Dan’s Prediction: The Revenant

 

 Best Film Editing

The link between Editing and Best Pic has not been as reliable in the last 7 or 8 years so let’s break that convention. Mad Max – didn’t love it but it’s a wonderful mess and totally coherent.

Dan’s Prediction: Mad Max: Fury Road

 

 Best Cinematography

A three-peat?? Looks that way. The great Roger Deakins will go home a runner up again and a man who is changing the way movies are filmed will win a third in a row. Watch Gravity, Birdman and The Revenant. They could not be any more different. He is a bona fide genius.

Dan’s Prediction: Emmanuel Lubezki, The Revenant

 

Animated Feature

If Inside Out does not win, I will throw a shoe at the TV

Dan’s Prediction: The best movie of 2015, Inside Out

 

Foreign Language Film

Son of Saul. I have not seen this Hungarian holocaust drama but two reviews I have read both said it is on par with Schindler’s List for visceral impact. I want to see it but movies like this about the inhumanity of man tend to get under my skin and stick with me.

Dan’s Prediction: Son of Saul

 

 

TECHNICAL CATEGORIES

Sound Mixing: Mad Max Fury Road

 

Sound Editing: Mad Max Fury Road

 

Make-up: Max Max Fury Road

 

Best Visual Effects: Star Wars: The Force Awakens

Really, can they let this film go with nothing?

 

Best Original Score: Ennio Morricone, The Hateful 8

This may be the most interesting category of the night, along with Song. On one hand we have the legendary, brilliant John Williams. A mind boggling 41 nominations and 5 wins. No wins since 1994. He just turned 84 and the music for The Force Awakens in awesome. Then you have Ennio Morricone. Also legendary and brilliant. 88 years old and scoring Tarantino movies. 6 time nominee and never a winner. Do they perhaps honour Mr. Williams one more time or finally give Ennio his due?? Expect Ennio to win and a five minute ovation.

 

Best Original Song: Diane Warren and Lady Gaga for The Hunting Ground

This is a controversial documentary and rape and cover up on college campuses. Joe Biden will introduce Gaga at the show tomorrow night. This is Diane Warren’s 8th nomination. A chance for the Academy to give her her due, make Gaga and Oscar winner and honour this film all at once.

 

 

The Educated Guesses

 

Documentary Feature: Amy (not a guess here, pretty much a lock)

 

Documentary Short: Claude Landmann: Specters of the Shoah

 

Animated Short: Sanjay’s Super Team

 

Live Action Short: Shok

Not a Bad Night After All – Oscar 2015 Recap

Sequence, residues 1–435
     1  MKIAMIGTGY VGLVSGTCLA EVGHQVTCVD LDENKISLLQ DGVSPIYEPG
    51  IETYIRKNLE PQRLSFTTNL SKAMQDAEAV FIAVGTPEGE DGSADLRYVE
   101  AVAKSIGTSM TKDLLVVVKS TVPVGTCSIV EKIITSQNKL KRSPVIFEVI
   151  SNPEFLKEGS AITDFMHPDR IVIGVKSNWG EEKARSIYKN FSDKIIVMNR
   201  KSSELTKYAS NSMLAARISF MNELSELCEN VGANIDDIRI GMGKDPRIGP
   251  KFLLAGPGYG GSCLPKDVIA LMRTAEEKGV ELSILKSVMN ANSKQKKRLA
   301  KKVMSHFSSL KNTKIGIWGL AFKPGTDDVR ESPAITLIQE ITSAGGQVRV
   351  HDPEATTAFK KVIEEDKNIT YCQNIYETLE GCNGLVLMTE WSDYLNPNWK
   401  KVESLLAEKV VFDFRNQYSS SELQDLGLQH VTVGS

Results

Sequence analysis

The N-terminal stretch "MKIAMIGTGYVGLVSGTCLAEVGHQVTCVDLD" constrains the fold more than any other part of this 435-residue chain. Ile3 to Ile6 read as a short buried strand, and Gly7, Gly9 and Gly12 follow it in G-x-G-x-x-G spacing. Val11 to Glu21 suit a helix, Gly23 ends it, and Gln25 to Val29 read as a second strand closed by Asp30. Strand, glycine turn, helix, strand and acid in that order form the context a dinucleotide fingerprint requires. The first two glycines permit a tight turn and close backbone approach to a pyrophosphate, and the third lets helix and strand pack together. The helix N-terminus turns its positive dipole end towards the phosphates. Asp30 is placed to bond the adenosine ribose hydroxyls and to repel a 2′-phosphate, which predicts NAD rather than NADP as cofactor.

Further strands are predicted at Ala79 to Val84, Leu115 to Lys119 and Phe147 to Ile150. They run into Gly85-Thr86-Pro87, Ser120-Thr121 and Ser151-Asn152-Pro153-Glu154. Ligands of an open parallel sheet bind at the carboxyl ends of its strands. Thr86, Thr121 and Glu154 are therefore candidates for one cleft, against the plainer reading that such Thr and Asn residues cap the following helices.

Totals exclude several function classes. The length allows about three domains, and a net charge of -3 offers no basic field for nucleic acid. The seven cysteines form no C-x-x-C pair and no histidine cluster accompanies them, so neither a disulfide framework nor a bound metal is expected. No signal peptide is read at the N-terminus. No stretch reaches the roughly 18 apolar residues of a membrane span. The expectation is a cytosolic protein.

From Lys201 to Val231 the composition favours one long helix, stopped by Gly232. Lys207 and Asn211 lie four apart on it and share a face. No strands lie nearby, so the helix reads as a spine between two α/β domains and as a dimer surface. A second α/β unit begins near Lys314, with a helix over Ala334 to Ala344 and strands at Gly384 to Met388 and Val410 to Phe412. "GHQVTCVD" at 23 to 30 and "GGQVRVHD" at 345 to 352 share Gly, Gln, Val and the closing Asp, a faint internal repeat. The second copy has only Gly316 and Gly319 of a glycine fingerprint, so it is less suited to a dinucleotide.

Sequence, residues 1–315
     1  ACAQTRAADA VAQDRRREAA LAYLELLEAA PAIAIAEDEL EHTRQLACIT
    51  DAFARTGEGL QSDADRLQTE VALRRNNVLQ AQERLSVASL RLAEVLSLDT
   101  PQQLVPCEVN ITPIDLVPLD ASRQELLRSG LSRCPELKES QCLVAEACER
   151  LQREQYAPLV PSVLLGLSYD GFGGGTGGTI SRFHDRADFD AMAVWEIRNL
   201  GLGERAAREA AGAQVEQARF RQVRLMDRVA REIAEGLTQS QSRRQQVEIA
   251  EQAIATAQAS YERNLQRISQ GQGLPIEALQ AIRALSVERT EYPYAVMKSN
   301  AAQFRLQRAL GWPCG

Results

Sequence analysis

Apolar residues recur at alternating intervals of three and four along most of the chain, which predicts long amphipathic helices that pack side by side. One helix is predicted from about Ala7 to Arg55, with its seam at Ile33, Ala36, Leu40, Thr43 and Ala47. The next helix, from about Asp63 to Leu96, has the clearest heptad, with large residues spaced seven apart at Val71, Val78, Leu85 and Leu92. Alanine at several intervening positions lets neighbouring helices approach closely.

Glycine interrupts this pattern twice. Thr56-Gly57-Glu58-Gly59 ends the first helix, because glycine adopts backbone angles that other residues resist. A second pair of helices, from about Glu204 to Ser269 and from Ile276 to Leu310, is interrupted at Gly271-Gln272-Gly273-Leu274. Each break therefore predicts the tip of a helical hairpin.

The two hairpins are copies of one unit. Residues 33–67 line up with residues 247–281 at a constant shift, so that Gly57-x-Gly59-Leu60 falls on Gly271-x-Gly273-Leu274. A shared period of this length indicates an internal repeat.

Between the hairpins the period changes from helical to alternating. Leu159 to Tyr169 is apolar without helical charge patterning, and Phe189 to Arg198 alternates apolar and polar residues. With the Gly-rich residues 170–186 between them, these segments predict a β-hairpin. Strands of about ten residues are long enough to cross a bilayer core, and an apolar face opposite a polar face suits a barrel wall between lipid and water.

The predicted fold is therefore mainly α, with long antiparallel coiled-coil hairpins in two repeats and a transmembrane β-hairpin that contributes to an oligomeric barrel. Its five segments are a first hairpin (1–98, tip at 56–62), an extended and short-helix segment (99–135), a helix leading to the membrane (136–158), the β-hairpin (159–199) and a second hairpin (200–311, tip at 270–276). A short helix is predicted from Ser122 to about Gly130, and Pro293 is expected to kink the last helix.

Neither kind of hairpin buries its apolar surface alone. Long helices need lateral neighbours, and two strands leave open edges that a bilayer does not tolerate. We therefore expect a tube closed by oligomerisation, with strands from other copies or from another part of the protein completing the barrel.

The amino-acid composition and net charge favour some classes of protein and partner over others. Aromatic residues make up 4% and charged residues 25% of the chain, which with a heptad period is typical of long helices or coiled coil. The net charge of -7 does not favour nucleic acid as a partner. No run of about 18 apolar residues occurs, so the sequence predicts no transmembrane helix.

For a night that was supposed to have few surprises, Oscar 2015 had more than its share and more than most in recent history.

Personally, I went 20 fro 24 on my pics. I managed to pic all three short film categories yet miss best picture. I have been Oscar picking since 1990 and that’s a first. This is one of my better years, my best still being 2006 (when Crash was best picture) and I was 23 for 24, missing only Best Original Song.

Neal Patrick Harris started the show with an opening number for the ages, comparable to any of the Billy Crystal routines, but with better vocals. He kinda fell flat after that, save for when he said that Edward Snowden could not be there “for some treason”. Brilliant.

The four major acting categories all went as planned, but outside that, there were plenty of upsets.

Whiplash, the small film starring JK Simmons, took home three awards, two (Sound and Editing) to the shock of everyone, including the recipients. Disney’s Big Hero 6 upset How to Train your Dragon 2.

The strongest category of the night was Adapted Screenplay, which included Grand Bupadest Hotel, front runner Boyhood and critically acclaimed Birdman. When Birdman won, I was scrambling to adjust my ballot when no one was looking. When this night is analyzed by the prognosticators, there will be long discussions on how the universal favourite, Boyhood, went home with one statue.

The night belonged to Birdman, winning for Picture, Director, Screenplay and Emanuel Lubezki’s genius cinematography. Lubezki has now taken his place as the man to have behind the camera. Grand Budapest Hotel was honoured in four technical categories and Whiplash made its mark with three wins.